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SPECIAL COLLECTION

Sentiments of Disdain and Practices of Distinction: Boundary-Work, Subjectivity, and Value in the Hindi Film Industry

Volume 85, #1

Winter 2012

Abstracts or excerpts for this issue (vol. 85, #1) are available through Project Muse.

 

Volume 85, #1 • Winter 2012

 

FEATURING:

Sentiments of Disdain and Practices of Distinction: Boundary-Work, Subjectivity, and Value in the Hindi Film Industry

by Tejaswini Ganti

 

ARTICLES:

Christa Salamandra  |  The Muhannad Effect: Media Panic, Melodrama, and the Arab Female Gaze

Rivke Jaffe |  The Popular Culture of Illegality: Crime and the Politics of Aesthetics in Urban Jamaica

Berna Yazıcı |  The Return to the Family: Welfare, State and Politics of the Family in Turkey

Noor Borbieva |  Kidnapping Women: Discourses of Emotion and Social Change in the Kyrgyz Republic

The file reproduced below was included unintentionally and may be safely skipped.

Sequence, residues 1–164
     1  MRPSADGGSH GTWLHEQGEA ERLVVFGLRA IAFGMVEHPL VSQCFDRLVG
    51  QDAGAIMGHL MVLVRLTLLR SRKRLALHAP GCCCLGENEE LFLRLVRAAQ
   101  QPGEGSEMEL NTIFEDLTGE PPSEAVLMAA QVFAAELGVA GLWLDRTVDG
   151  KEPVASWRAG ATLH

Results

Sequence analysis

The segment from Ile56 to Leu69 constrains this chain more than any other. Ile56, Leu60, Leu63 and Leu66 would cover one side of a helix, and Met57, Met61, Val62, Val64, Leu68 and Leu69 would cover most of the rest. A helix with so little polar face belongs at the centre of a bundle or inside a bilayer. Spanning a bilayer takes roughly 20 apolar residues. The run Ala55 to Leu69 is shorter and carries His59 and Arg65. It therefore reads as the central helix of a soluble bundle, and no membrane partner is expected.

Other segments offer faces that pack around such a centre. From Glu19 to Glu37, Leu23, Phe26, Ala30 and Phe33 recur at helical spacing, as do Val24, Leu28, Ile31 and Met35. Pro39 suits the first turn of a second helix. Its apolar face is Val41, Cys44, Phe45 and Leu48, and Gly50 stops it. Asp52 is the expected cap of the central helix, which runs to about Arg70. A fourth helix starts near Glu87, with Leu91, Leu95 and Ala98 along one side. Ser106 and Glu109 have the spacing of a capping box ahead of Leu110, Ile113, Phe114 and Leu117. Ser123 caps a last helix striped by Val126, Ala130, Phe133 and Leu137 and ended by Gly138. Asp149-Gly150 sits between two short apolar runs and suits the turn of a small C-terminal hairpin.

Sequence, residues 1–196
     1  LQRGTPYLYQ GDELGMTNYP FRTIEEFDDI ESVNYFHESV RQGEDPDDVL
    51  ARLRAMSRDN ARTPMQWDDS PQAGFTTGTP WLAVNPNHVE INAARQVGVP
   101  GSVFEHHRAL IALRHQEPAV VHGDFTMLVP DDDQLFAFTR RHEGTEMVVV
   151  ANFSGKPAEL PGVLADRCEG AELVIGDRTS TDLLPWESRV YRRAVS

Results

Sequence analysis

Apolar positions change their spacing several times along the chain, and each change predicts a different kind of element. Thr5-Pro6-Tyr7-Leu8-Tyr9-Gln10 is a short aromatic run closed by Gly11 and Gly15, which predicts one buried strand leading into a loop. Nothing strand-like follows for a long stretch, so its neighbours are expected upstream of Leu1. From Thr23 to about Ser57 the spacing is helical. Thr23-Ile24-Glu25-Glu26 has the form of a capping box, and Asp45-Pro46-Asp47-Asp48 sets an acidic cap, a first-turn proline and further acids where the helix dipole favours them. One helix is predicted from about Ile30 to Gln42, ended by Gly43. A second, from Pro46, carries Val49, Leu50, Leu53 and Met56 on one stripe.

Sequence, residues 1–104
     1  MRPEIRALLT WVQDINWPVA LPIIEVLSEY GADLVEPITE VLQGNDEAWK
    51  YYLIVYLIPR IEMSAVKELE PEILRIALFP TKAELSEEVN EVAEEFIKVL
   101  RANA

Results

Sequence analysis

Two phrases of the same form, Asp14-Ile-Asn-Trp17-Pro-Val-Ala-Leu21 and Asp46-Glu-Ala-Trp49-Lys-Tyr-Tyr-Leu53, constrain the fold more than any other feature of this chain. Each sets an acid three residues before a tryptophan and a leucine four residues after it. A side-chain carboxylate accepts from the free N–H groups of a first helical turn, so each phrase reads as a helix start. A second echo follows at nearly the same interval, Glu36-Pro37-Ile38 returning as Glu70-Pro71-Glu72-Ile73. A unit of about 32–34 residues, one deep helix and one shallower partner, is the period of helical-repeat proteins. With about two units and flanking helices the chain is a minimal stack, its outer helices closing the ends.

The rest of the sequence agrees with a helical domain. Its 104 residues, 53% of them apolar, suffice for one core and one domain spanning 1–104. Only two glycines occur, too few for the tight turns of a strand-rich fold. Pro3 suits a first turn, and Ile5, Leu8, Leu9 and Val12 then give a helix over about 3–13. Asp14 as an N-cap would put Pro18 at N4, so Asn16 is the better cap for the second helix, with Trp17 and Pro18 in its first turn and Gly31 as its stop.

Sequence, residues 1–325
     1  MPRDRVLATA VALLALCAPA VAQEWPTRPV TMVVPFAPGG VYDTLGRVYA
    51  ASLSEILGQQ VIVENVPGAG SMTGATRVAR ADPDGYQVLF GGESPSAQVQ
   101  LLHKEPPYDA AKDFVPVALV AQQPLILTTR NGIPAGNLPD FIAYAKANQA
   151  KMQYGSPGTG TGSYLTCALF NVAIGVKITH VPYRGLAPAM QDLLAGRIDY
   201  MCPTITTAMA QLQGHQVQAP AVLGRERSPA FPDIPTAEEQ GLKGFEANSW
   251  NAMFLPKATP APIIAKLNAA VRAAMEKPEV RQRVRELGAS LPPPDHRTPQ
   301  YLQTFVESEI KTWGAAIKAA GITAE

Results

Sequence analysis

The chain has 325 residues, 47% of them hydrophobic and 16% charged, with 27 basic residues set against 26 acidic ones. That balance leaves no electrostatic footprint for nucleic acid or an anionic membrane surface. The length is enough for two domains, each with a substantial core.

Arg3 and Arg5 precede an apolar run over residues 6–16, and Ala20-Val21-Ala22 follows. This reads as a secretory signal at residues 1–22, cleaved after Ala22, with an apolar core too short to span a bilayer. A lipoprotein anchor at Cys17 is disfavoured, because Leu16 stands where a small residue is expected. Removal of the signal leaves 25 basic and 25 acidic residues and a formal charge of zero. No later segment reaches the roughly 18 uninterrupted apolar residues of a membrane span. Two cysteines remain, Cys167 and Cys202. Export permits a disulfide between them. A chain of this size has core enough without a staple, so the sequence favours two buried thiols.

Fiona McCormack  |  The Reconstitution of Property Relations in New Zealand Fisheries

 

SOCIAL THOUGHT & COMMENTARY:

Jason Hickel & Arsalan Khan  |  The Culture of Capitalism and the Crisis of Critique

Juan Castillo Cocom & Saúl Ríos Luviano  |  Hot and Cold Politics of Indigenous Identity: Legal Indians, Cannibals, Words, More Words, More Food

 

NEW RELEASE BOOK REVIEWS:

Ramzi Fawaz |  Settling Scores: Claiming Ground for Native and Indigenous Critique in the Americas  |  Jodi A. Byrd’s The Transit of Empire: Indigenous Critiques of Colonialism

Julian M. Groves  |  Tim Choy’s Ecologies of Comparison: An Ethnography of Endangerment in Hong Kong

Miroslava Prazak |  Gabrielle Lynch’s I Say to You: Ethnic Politics and the Kalenjin in Kenya

Leo Coleman  |  Paul Rabinow’s The Accompaniment: Assembling the Contemporary

 

BOOK REVIEWS:

Sarah Egan  |  Patrick Anderson’s So Much Wasted: Hunger, Performance and the Morbidity of Resistance

Gilbert Quintero  |  William Garriott’s Policing Methamphetamine: Narcopolitics in Rural America

Hauke Dorsch |  Peter Geschiere’s The Perils of Belonging: Autochthony, Citizenship, and Exclusion in Africa and Europe

Aisha Khan  |  Oneka LaBennett’s She’s Mad Real: Popular Culture and West Indian Girls in Brooklyn